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Armed to Secure Wetlands: New Hampshire's Aquatic Resource Mitigation (ARM) Fund

This is an image of a wetland by a brownfield.

To comply with Section 404 of the Clean Water Act, the state of New Hampshire and the New England District of the U.S. Army Corps of Engineers require compensatory mitigation for projects impacting 10,000 square feet or more of wetlands. The Aquatic Resource Mitigation (NH ARM) Fund in New Hampshire is an in-lieu-fee (ILF) program, which is similar to a mitigation bank. 

In an ILF program, project applicants pay a fee for unavoidable impacts to waters, including wetlands.  Many applicants prefer mitigation banks and ILF options, like the NH ARM fund, because it speeds up the permitting process, allowing their project to get underway much quicker, and long-term monitoring or restoration projects are undertaken by a responsible third party.  State and federal agencies often prefer ILF to permittee-responsible mitigation as well since they can help select more valuable and sustainable projects for mitigation within a watershed.  Further, the land is owned or protected by land trusts or experienced non-profit organizations that have a mission of land stewardship (per federal rule only governmental organizations or non-profit groups can hold the monies from ILF payments).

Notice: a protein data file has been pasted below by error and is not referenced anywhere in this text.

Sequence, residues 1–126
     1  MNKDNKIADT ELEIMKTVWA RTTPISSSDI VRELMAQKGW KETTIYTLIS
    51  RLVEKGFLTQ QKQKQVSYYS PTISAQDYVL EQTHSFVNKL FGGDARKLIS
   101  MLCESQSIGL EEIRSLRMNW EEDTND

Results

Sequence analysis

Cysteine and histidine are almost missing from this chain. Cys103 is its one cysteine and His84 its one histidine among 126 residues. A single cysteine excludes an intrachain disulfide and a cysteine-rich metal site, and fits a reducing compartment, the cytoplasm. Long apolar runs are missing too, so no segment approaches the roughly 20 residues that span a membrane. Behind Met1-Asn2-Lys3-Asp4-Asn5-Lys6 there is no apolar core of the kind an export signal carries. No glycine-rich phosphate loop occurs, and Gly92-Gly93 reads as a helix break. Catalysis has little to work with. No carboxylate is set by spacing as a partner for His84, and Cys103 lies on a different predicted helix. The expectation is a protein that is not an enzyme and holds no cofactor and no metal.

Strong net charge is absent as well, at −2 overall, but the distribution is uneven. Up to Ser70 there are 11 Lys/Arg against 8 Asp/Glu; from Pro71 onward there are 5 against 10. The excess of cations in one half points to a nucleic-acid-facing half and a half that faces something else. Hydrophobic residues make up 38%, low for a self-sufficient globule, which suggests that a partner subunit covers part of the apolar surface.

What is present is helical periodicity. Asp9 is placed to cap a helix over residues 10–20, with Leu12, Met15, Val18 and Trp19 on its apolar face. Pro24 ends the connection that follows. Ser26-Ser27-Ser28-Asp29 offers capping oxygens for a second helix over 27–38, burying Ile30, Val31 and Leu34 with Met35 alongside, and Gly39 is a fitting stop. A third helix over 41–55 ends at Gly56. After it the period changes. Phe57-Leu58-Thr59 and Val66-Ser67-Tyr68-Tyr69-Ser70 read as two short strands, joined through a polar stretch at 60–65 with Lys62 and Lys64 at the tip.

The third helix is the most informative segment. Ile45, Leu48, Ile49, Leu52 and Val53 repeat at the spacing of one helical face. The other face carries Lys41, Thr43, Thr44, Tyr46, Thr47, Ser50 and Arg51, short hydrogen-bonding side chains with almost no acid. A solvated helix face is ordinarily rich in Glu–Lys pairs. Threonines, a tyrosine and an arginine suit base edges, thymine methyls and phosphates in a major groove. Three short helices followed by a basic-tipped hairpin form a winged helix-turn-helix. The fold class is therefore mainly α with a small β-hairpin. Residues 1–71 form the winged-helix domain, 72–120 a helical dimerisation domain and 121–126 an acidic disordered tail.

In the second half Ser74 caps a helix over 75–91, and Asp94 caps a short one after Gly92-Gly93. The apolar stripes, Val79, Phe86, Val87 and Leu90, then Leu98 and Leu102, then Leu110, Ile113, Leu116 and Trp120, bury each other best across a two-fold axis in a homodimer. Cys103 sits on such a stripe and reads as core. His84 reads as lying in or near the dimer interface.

In 2013, the New Hampshire Department of Environmental Services (NHDES) received a Wetland Program Development Grant (WPDG) to assist in program improvements to enhance the efficiency and consistency of the mitigation program review process, as well as for tracking the loss and gains to aquatic resources. NHDES created the tracking system that assesses and measures the specific wetland types that are lost to development and catalogs associated functions and values. Additionally, when NH ARM funds are awarded to the aforementioned land trusts or non-profits organizations, NHDES needs to fully assess the function and condition of the lands protected and wetlands restored to ensure that there is a match between the resources lost and gained. The WPDG has allowed the NH ARM Fund program to more effectively meet reporting requirements and provide more detail on the losses and gains to aquatic resources in the state.

Since its inception in 2007 through 2016, 136 permit applicants have utilized the NH ARM fund to support projects that restore, enhance and preserve aquatic resources and upland buffers.  The NH ARM fund has conserved over 12,000 acres of land, restored 100 acres of wetland and improved over 45 miles of streams.  Nearly $14 million have been collected since the program was established. In 2016, 17 permits involving an ILF payment were issued, collecting $3 million in payments and $3.3 million in matched leverage funds. These funds were used to restore a salt marsh (through a living shoreline concept), restore five acres of oyster reef, restore 11 acres of floodplain forest and preserve over 2,300 acres of land. 

As shown with New Hampshire’s ARM Fund program, ILF programs are an extremely effective regulatory tool for protecting and restoring aquatic resources while allowing for the growth of the economy through development projects. 

You can learn more about what New Hampshire is doing to protect wetlands on their state webpage.